After attending Chicago's Black and Brown Punk Fest in 2013, D.O.P.E. Collective co-founders were inspired to create modes of political education and highlight punk and hip hop culture, which was stigmatized, in their hometown of Buffalo, NY. 20-somethings: Ineil Quaran, Chrysalisamidst, Obsidian Bellis, Jamiah Mootry, and Khari Waits started the Dismantling Oppressive Patterns for Empowerment Collective with their first punk-rap show in March 2015.
Coming off the heels of Black Lives Matter, D.O.P.E. Collective was finding its identity between worlds of anti-oppressive organizing, non-profit industries, growing Black entrepreneurship, non-traditional education, and underground arts. These intersections defined the collective as both nomadic and crucial, as art venues and punk houses were targeted for evictions; and the third wave of identity politics settled.
In 2016 D.O.P.E. Collective developed its first workshop and series, Deconstructing Masculinity, an overview of masculinity and gender through various scientific and hxstoric contexts. At this time most co-founders started to disband, and the new leadership: Jason Cathcart, Vondale Walker and Kenny Hollins established the collective. From 2016-2019, establishing members had hosted over 50 events including clothing swaps, open mics, roundtable discussions, festivals, community fundraisers, workshops, and more.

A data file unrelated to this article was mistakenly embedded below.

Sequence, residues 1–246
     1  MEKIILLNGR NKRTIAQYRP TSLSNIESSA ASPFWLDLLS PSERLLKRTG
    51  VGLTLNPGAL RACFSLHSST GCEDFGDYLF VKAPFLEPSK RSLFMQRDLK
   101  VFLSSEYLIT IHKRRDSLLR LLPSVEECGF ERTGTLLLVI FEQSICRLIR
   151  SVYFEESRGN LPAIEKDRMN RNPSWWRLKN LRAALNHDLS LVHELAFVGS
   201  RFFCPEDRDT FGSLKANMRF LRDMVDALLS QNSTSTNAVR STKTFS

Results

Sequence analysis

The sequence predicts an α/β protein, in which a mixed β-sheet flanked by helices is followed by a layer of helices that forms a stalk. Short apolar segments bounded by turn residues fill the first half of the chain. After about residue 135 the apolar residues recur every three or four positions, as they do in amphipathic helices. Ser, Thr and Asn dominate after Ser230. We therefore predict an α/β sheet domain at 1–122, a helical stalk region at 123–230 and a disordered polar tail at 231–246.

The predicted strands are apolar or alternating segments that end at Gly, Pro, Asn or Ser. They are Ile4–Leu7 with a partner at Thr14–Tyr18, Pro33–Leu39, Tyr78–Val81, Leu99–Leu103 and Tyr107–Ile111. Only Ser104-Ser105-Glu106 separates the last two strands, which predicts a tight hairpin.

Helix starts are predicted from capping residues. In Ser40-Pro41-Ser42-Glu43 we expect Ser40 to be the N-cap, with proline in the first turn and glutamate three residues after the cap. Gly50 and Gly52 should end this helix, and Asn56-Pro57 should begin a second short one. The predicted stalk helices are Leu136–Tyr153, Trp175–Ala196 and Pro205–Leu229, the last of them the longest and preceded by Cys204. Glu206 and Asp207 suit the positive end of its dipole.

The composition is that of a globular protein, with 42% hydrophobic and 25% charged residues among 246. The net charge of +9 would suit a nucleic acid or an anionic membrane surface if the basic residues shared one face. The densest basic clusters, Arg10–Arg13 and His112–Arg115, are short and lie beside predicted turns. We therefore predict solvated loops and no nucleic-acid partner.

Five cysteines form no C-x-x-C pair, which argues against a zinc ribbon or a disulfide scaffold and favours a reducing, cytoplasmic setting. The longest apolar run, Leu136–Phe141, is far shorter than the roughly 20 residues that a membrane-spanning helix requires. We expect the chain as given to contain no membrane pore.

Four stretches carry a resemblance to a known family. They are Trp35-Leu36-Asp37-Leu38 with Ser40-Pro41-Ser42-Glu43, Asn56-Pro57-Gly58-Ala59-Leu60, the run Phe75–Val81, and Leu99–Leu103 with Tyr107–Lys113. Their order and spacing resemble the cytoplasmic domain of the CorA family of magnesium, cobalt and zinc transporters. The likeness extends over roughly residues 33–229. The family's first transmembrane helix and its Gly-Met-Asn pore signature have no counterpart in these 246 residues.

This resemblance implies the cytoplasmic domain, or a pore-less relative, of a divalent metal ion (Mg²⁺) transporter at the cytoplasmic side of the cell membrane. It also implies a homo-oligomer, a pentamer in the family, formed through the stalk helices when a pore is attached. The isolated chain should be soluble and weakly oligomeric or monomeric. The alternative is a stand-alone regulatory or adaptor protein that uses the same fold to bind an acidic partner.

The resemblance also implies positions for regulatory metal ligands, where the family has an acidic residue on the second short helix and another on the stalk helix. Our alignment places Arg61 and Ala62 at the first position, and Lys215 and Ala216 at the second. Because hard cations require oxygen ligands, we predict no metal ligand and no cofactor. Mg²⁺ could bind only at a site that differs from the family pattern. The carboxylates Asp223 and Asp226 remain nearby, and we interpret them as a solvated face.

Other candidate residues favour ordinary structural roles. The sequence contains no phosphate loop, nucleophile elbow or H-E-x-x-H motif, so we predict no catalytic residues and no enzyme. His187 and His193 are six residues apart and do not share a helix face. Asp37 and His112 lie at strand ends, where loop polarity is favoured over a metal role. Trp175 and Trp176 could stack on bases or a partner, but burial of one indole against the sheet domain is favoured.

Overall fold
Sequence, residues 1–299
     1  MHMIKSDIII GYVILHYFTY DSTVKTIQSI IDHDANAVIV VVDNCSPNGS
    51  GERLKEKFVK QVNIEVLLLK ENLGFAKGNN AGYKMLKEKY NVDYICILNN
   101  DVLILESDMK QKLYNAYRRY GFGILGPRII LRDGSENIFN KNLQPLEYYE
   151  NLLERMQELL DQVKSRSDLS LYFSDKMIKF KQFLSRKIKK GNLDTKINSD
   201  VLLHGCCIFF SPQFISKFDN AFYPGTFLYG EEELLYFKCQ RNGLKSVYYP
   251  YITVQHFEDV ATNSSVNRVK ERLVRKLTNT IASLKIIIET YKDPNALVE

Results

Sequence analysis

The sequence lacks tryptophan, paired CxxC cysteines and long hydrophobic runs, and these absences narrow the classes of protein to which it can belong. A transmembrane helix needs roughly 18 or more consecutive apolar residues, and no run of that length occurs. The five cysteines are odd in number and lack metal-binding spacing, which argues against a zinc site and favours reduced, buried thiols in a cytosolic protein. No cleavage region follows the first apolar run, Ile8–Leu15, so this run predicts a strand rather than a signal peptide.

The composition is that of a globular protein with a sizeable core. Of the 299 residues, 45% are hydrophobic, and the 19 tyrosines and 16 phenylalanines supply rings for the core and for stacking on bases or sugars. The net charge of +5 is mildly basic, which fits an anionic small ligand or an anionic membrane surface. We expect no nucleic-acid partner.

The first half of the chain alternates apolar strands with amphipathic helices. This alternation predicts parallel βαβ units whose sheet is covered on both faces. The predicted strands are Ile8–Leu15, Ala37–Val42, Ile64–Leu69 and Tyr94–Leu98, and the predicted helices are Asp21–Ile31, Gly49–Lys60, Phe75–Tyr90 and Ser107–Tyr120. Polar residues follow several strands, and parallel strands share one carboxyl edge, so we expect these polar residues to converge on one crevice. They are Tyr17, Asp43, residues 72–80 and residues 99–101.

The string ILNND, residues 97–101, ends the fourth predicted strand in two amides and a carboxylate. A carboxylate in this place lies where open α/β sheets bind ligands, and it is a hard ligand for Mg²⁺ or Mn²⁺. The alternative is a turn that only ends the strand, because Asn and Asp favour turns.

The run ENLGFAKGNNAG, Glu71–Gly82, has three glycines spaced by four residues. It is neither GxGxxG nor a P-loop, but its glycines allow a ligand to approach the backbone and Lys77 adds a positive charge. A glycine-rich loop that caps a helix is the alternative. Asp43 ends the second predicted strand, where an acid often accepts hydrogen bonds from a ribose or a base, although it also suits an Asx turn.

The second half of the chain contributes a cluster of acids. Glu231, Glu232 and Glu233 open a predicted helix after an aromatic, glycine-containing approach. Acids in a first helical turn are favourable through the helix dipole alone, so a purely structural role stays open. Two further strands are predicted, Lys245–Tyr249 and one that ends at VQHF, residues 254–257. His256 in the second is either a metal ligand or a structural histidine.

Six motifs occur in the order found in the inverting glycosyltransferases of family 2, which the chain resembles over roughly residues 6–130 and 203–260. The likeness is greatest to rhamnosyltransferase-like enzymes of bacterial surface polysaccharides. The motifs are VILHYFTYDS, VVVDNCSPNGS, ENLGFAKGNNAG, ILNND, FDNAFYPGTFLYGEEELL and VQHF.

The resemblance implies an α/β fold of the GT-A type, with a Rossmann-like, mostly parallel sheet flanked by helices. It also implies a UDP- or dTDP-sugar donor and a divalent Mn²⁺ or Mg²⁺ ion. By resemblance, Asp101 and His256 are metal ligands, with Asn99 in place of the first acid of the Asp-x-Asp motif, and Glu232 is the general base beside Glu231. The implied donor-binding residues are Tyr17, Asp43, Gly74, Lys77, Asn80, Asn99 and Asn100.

During covid-19 D.O.P.E. Collective changed its mission, becoming project based as a means of sustainability and personal nurturance. Rather than deciding on one collective direction; efforts are to guide members towards completing their goals, fulfilling community and self.